Kevin Blythe Sampson
Spawn of the South, 2014
16 x 20 x 14 inches
This weekend marks the twenty-fourth showing of the Outsider Art Fair in New York, one of the world's most exciting art fairs if you are looking for art that is authentic, honest, and surprisingly fresh. It has taken nearly a quarter of a century for this fair to mature into what it is today, thanks in part to new ownership by Andrew Edlin, who has become one of the power players of the field. That said, you will never meet a more down-to-earth or friendlier person. The Outsider Fair began in 1993 as a celebration of art that had, for too long, been bypassed and largely misunderstood by the rest of the art world. This was art that did not fit neatly into defined boxes, and before 1993, struggled to find a market.
The fact is "outsider art" has always been an evolving form. If we go back to the early twentieth century, there were a few visionaries who did much to bring awareness to the genre. Sidney Janis (1896–1989) was one of the first American art dealers to champion the work of what was then called “primitive artists.” His book They Taught Themselves, published in 1942, was one of the first serious books to take on the notion that serious art could be made by everyday people. It took on the idea that artists could be self-taught.
In the nineteenth and early twentieth centuries, this art was called “folk art” and was characterized by exhibitions and early publications showing Limner painters of colonial times, weather vanes, quilts, and cigar store Indians. It was quaint and charming, but nonetheless important for what it was. In his book, Janis pointed out that important art was still happening within that earlier context—but what he had discovered was decidedly different. Though he represented leading avant-garde European and American artists, it was Janis who introduced an array of self-taught masters such as Morris Hirshfield, John Kane, Joseph Pickett, Anna Mary Robertson (Grandma) Moses, and Horace Pippin. At that time, Janis had such influence in the art world he could promote just about anyone he wanted, and he used his clout by making others aware of art by the self-taught.
Europe had its own recognition of this art, with Jean Dubuffet and André Breton collecting art within a genre they called Art Brut (quite literally “raw art”). The art they collected were by so-called psychotic individuals who existed almost totally outside of mainstream culture. This was, to these two artist/collectors, “unaffected art”—art that welled up and manifested itself from sources unknown. And while the term art brut is still used today—the meaning of that and the term outsider art is very close in definition.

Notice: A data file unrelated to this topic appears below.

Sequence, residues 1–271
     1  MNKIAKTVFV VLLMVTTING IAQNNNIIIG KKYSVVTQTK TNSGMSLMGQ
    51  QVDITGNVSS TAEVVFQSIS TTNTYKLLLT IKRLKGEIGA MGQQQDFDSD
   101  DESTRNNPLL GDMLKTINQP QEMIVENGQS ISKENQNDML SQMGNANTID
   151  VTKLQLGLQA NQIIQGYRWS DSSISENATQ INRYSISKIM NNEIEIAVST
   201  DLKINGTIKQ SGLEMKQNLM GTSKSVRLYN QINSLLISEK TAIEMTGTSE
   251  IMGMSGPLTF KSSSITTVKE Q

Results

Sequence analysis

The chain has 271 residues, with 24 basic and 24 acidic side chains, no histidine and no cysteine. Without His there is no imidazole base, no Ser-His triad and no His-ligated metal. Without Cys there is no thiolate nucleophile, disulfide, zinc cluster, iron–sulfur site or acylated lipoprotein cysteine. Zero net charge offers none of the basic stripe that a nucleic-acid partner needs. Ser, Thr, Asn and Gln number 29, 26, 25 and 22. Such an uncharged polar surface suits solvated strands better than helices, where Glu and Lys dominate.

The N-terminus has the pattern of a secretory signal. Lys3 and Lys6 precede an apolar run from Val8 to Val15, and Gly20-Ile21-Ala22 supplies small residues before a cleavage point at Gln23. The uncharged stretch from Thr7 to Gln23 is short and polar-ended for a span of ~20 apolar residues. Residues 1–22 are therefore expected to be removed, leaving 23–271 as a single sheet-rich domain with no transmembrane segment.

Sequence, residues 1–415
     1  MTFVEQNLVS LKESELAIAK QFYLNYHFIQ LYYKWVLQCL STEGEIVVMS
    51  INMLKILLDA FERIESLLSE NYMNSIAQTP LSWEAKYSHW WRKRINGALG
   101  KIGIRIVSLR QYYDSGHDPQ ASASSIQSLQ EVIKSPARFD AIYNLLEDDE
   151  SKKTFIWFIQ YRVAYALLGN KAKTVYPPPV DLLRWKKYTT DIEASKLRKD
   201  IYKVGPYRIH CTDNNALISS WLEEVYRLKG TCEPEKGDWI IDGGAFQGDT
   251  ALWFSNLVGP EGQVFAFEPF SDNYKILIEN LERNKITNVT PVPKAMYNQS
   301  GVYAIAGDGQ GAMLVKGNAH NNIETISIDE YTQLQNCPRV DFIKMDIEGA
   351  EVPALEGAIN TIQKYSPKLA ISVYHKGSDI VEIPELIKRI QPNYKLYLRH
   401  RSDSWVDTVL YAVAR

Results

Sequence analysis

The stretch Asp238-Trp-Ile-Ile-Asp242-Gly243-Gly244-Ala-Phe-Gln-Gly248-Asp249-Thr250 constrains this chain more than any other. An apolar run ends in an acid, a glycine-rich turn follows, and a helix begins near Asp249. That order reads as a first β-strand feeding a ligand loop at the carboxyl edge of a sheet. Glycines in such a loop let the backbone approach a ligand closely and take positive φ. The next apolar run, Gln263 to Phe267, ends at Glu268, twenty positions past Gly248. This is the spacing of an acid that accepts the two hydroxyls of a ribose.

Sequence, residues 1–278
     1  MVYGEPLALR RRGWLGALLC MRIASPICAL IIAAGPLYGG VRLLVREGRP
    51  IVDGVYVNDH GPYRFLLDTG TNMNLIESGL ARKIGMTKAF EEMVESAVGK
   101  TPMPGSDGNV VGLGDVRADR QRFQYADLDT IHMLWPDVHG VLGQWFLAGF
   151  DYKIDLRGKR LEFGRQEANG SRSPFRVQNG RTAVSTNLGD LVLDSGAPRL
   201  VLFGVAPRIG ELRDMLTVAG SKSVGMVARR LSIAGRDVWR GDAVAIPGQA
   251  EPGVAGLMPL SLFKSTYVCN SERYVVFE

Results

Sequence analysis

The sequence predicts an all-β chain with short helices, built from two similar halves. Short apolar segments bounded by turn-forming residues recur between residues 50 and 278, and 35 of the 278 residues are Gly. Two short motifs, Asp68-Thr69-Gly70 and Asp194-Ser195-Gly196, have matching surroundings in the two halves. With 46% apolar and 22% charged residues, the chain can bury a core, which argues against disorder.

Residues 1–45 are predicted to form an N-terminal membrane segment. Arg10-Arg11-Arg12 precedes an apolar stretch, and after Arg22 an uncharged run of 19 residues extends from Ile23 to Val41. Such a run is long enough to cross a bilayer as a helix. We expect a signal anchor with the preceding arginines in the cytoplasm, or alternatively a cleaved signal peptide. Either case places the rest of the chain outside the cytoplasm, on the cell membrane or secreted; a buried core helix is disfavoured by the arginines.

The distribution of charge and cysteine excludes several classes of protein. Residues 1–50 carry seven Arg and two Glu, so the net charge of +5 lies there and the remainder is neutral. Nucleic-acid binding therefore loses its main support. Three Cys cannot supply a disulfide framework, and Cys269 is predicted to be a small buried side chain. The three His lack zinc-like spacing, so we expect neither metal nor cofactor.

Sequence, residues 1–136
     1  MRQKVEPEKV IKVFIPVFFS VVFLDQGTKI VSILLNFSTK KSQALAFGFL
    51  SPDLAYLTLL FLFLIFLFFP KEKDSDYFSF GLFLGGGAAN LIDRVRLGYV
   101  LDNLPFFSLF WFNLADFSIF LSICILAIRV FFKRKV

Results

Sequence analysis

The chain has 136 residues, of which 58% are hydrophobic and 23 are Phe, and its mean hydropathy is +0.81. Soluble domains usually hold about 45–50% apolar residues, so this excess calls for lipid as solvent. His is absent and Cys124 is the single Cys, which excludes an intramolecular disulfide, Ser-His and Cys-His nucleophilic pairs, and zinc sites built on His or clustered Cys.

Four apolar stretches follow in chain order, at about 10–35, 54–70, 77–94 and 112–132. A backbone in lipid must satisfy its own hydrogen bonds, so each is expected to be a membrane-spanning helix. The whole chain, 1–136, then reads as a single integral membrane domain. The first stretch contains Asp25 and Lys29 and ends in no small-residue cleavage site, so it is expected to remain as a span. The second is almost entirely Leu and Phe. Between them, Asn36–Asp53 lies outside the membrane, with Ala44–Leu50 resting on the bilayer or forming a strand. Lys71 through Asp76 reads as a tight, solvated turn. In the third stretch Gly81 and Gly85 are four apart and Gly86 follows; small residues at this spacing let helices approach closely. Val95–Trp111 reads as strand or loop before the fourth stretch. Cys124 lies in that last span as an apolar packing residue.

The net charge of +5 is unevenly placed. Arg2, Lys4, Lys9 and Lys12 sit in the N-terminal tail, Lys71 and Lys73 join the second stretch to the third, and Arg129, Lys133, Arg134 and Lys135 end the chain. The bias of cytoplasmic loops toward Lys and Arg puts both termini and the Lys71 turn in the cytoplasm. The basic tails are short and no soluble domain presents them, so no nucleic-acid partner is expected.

Aside from Janis, it would be a mistake not to mention Otto Kallir (1894–1978), who established Galerie St. Etienne in New York, in 1939. Kallir was Grandma Moses' dealer, and he promoted her (and others) throughout her life.
It would be more than thirty years, in the 1970s, before Janet Fleisher (1917–2010) and John Ollman began showing exciting new work by self-taught artists like Bill Traylor (his work sold for $100 apiece then) and Sister Gertrude Morgan, in Philadelphia. In Chicago, during that same period, it was now retired art maverick Phyllis Kind (b. 1933) who began showing some of the same artists, as well as work by the Chicago Imagists like Jim Nutt, Ray Yoshida, Roger Brown, and others.
By the 1990s, the evolution of this art was in full swing, with many galleries and collectors from around the world exhibiting it, researching it, and art magazines devoted to it.
So, as we celebrate the 2016 Art Fair, it’s good to look back at just how long it has taken for this art fair to fully develop. As longtime art dealer John Ollman told me for this article, “I’ve long been over calling this work by this name or that. It’s just art. We show art we that we like.”
The 24th Annual Outsider Art Fair is being held now through Sunday at The Metropolitan Pavilion at 128 West 18th Street.